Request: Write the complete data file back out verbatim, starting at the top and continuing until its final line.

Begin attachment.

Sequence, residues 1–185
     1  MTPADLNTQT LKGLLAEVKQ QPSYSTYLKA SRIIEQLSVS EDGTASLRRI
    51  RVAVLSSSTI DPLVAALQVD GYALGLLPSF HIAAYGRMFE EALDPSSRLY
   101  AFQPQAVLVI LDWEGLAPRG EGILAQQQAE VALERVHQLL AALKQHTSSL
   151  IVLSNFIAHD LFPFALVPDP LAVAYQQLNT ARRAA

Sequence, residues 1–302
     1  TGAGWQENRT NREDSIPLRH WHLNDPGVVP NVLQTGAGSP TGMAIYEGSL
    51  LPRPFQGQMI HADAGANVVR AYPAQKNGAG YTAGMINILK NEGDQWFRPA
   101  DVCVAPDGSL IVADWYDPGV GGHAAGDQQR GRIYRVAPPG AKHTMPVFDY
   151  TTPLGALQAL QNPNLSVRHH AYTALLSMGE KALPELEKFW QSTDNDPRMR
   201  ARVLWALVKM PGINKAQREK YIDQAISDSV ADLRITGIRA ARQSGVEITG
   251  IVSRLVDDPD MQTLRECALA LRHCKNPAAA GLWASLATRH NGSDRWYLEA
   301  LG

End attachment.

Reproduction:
Sequence, residues 1–185
     1  MTPADLNTQT LKGLLAEVKQ QPSYSTYLKA SRIIEQLSVS EDGTASLRRI
    51  RVAVLSSSTI DPLVAALQVD GYALGLLPSF HIAAYGRMFE EALDPSSRLY
   101  AFQPQAVLVI LDWEGLAPRG EGILAQQQAE VALERVHQLL AALKQHTSSL
   151  IVLSNFIAHD LFPFALVPDP LAVAYQQLNT ARRAA

Sequence, residues 1–302
     1  TGAGWQENRT NREDSIPLRH WHLNDPGVVP NVLQTGAGSP TGMAIYEGSL
    51  LPRPFQGQMI HADAGANVVR AYPAQKNGAG YTAGMINILK NEGDQWFRPA
   101  DVCVAPDGSL IVADWYDPGV GGHAAGDQQR GRIYRVAPPG AKHTMPVFDY
   151  TTPLGALQAL QNPNLSVRHH AYTALLSMGE KALPELEKFW QSTDNDPRMR
   201  ARVLWALVKM PGINKAQREK YIDQAISDSV ADLRITGIRA ARQSGVEITG
   251  IVSRLVDDPD MQTLRECALA LRHCKNPAAA GLWASLATRH NGSDRWYLEA
   301  LG